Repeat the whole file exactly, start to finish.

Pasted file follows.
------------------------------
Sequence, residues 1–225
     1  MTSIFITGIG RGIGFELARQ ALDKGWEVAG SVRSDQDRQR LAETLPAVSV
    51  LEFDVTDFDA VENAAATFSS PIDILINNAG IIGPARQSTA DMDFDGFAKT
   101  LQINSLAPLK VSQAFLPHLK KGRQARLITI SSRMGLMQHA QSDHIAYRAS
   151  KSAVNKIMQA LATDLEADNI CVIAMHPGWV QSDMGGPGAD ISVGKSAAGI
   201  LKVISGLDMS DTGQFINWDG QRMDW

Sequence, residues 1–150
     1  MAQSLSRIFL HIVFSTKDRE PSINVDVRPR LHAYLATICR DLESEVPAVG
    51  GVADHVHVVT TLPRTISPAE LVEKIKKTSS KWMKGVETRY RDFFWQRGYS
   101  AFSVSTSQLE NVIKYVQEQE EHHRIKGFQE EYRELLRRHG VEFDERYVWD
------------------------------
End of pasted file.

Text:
Sequence, residues 1–225
     1  MTSIFITGIG RGIGFELARQ ALDKGWEVAG SVRSDQDRQR LAETLPAVSV
    51  LEFDVTDFDA VENAAATFSS PIDILINNAG IIGPARQSTA DMDFDGFAKT
   101  LQINSLAPLK VSQAFLPHLK KGRQARLITI SSRMGLMQHA QSDHIAYRAS
   151  KSAVNKIMQA LATDLEADNI CVIAMHPGWV QSDMGGPGAD ISVGKSAAGI
   201  LKVISGLDMS DTGQFINWDG QRMDW

Sequence, residues 1–150
     1  MAQSLSRIFL HIVFSTKDRE PSINVDVRPR LHAYLATICR DLESEVPAVG
    51  GVADHVHVVT TLPRTISPAE LVEKIKKTSS KWMKGVETRY RDFFWQRGYS
   101  AFSVSTSQLE NVIKYVQEQE EHHRIKGFQE EYRELLRRHG VEFDERYVWD